When Medications Cause Depression
By Editorial Staff
We talked about depression earlier in this issue of To Your Health, specifically how resistance exercise may help reduce depression symptoms. Now let’s discuss how certain medications, many of which are readily available without a prescription, can actually increase depression risk.
Common medications used for birth control, heartburn, allergies, pain and high blood pressure all list depression as a potential side effect, and nearly 40 percent of Americans take a least one such medication, according to the latest data published in the Journal of the American Medical Association. This is both a significant increase in the percentage of Americans using medications with depression as a potential adverse effect in the past decade and an increase in the percentage using three or more medications with depression as a potential side effect.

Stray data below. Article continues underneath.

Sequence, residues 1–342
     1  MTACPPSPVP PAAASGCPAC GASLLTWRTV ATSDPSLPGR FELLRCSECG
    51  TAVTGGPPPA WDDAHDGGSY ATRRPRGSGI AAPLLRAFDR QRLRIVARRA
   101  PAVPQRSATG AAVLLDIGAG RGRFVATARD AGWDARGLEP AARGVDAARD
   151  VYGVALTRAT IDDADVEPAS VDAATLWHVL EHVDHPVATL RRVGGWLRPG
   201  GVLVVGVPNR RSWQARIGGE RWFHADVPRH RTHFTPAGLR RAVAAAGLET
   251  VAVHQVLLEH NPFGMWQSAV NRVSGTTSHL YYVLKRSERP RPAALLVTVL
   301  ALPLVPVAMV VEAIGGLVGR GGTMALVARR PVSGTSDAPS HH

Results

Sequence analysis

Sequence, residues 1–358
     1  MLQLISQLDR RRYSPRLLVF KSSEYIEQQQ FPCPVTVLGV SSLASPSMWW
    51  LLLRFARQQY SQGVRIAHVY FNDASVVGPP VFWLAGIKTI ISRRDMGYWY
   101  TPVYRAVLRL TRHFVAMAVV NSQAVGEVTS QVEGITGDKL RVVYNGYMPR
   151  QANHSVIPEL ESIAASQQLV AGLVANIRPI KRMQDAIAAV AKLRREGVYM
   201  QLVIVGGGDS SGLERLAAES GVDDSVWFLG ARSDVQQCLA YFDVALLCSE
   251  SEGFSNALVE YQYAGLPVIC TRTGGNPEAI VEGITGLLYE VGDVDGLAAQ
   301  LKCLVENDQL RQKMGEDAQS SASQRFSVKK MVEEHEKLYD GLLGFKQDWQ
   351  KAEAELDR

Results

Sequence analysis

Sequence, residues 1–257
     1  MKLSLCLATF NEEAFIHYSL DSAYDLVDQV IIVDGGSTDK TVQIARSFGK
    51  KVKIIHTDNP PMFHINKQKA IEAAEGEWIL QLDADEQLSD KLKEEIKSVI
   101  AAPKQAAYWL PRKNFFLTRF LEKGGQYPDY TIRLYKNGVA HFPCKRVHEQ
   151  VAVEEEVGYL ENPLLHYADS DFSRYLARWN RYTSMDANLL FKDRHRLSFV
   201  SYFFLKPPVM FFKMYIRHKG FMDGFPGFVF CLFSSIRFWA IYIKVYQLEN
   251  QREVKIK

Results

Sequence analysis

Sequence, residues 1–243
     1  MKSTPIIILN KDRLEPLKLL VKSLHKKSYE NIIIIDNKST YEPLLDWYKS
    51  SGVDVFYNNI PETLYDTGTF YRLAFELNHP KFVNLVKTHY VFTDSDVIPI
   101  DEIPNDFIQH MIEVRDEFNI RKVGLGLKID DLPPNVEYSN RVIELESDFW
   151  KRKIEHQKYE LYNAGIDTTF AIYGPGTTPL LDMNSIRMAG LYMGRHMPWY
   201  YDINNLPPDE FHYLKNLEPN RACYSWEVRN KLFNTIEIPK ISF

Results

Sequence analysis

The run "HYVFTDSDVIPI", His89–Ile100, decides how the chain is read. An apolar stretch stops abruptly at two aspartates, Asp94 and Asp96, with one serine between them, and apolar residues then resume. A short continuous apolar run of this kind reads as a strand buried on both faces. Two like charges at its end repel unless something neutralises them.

The moral to this depressing story is equally depressing: Many Americans are taking multiple medications (dubbed polypharmacy); many of these medications may cause depression; and some are even available without a prescription (e.g., antacids and pain relievers such as ibuprofen), making their use that much more prevalent. Talk to your doctor about the potential side effects of any medication before you take it, and ask whether nondrug strategies may be as effective (and safer) for the health issue you're experiencing.
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